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Buy-to-let landlords benefit from booming property market as returns of nearly 1,400% since 1996 beat all other investments

– £1,000 invested in a buy-to-let property in 1996 was worth £14,897 last year
– The report looks at returns from investors who bought a property with a 75 per cent loan-to-value mortgage
– The average price of a house in 1996 was £55,000

Buy-to-let landlords have been reaping the benefits of the booming property market as they made returns of almost 1,400 per cent over the past 18 years, beating all other types of investment, a new study suggests.

On average, every £1,000 invested in a buy-to-let property in 1996 was worth £14,897 last year, four times as much the equivalent investment in commercial property, which was worth £4,494 at the end of 2014.

Analysis showed that buy-to-let investments also outperformed UK Government bonds, which on average made returns of £3,329 for every £1,000 invested in 1996, UK shares, which were worth £3,119 and cash, which made returns worth £1,959.

The report by economists at Wriglesworth Consultancy for lender Landbay looked at returns from investors who bought a property with a 75 per cent loan-to-value mortgage.

It shows that landlords who borrowed to purchase the buy-to-let property made significantly higher returns than those who paid in cash.

A buy-to-let landlord buying entirely with cash saw each £1,000 invested grow to £5,071 by the end of 2014 – a compound annual return of 9.4 per cent compared to a 16.2 per cent return made by investors who borrowed.

‘What this scenario helps to illustrate is how buy-to-let has not only provided very strong returns for average investors since 1996 but how it has enabled a cohort of ambitious investors to become seriously wealthy,’ says the report.

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‘The combination of strong house price growth and the ability to gear a portfolio has allowed a new class of millionaires to emerge in a way that has generally not taken place with investors in the other asset classes we have considered,’ it continues.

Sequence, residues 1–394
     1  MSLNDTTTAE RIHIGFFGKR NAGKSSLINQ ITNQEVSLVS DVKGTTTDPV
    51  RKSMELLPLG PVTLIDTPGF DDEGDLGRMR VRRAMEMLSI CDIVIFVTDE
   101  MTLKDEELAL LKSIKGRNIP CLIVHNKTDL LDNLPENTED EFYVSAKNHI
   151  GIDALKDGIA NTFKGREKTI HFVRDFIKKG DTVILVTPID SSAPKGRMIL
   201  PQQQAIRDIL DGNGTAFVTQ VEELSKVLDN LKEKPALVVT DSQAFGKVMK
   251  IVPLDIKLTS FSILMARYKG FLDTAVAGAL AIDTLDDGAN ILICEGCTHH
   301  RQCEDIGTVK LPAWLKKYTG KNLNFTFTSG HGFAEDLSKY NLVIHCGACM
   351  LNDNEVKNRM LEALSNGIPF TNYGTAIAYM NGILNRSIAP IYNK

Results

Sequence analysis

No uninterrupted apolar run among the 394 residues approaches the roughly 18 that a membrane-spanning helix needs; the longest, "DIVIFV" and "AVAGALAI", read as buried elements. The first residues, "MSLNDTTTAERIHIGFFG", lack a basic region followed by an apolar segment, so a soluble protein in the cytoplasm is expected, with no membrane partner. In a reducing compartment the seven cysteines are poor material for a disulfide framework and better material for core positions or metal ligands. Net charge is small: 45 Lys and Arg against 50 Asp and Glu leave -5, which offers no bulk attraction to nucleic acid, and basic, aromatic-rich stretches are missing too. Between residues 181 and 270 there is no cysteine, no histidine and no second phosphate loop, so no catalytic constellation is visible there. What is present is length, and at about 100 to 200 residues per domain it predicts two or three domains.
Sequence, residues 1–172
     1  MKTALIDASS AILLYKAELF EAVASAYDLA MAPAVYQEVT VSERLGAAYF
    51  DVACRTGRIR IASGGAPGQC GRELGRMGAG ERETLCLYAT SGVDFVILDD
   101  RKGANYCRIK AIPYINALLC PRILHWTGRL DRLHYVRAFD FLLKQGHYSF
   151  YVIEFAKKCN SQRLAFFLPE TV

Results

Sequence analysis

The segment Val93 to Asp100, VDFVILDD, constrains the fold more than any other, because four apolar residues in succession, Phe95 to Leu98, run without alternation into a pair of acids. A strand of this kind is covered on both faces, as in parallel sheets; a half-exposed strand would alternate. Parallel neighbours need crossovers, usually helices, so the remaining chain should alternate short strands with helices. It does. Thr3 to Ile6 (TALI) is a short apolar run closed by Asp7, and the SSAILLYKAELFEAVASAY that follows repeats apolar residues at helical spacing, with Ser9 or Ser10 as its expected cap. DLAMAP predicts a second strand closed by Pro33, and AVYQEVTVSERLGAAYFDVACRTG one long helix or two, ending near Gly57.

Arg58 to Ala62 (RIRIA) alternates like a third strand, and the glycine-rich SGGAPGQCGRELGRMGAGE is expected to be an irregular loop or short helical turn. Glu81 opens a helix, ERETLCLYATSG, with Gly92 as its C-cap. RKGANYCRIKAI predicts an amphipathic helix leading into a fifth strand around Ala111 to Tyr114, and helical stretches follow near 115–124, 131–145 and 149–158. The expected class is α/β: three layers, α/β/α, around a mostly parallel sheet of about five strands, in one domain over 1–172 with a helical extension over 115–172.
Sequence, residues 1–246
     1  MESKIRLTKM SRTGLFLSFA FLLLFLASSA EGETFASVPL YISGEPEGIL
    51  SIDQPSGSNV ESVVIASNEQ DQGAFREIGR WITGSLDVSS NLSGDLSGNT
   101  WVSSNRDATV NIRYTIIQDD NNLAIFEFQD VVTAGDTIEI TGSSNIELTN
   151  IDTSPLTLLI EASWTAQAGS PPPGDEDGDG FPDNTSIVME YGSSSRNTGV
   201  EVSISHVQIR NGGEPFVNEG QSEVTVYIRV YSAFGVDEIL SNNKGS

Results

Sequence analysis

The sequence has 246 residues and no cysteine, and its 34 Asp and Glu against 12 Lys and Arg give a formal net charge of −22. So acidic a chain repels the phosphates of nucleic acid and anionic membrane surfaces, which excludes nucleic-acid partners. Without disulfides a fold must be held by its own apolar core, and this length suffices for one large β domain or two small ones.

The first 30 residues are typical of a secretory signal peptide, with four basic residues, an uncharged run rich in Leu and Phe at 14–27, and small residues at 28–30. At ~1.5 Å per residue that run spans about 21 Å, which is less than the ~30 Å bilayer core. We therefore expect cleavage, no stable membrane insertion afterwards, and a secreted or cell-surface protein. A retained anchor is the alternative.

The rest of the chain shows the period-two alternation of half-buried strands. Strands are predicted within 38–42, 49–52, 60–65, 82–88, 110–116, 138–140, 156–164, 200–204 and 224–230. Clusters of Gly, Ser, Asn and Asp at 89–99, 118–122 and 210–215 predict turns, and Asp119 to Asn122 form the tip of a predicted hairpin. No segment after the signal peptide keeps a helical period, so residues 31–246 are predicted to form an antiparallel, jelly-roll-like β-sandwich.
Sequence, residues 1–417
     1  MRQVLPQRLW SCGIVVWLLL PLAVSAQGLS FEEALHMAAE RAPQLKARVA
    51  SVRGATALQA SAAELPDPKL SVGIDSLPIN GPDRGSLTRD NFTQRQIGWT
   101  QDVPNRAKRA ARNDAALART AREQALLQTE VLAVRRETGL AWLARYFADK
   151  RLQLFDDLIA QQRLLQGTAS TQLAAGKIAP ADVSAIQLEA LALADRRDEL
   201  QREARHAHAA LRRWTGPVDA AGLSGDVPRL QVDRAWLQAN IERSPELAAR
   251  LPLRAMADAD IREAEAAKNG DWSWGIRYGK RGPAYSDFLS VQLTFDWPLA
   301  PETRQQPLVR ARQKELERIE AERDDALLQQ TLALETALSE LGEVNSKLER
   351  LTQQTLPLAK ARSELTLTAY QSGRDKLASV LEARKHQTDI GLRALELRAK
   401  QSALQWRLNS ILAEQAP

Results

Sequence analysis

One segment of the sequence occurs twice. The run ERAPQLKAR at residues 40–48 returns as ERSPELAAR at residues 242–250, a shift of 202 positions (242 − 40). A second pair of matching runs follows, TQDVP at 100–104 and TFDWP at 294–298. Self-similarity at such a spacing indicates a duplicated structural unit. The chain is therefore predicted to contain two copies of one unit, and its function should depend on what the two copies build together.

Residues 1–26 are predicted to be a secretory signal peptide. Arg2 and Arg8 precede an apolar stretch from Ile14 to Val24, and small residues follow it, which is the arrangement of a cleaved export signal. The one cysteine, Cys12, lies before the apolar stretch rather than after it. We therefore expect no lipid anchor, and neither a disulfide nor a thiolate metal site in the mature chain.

The average price of a house in 1996 was £55,000. Last year property prices rose 8.3 per cent to £189,000, Wriglesworth said. Years of house price rises and rising rents have helped landlords make healthy returns on their properties.

The report suggests that the average buy-to-let investor who started with a 25 per cent deposit in 1996 paid off the mortgage in 13 years and generated an annual net income of £6,400 in 2014.

It also found that capital gains in the 18-year period were £153,400, while 29 per cent of the average return came from renting out properties.

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The study comes as separate recent data has showed that fewer young people are saving towards a deposit as high house prices and low wages put them off from even trying to get on the property ladder.

Halifax said its latest Generation Rent report strengthened the view that more people may be giving up on owning their own home and were instead accepting long-term renting. It found that the proportion of people aged between 20 and 45 putting money aside to buy a house has dropped from 57 per cent last year to 43 per cent this year.

Investing in property started to become popular in 1996 with the launch of the buy-to-let mortgage initiative by the Association of Residential Letting Agents and leading buy-to-let mortgage lenders.

Mortgage lending to buy-to-let investors continued to rise in January but advances to first-time buyers fell to their lowest level in 21 months, according to recent Council for Mortgage Lenders data.

Would-be landlords saw a 5 per cent monthly rise in mortgage advances to 18,200 to a total of £2.5billion in January, but first-time buyers saw a 14 per cent fall to £2.8billion.

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Source: The telegraph

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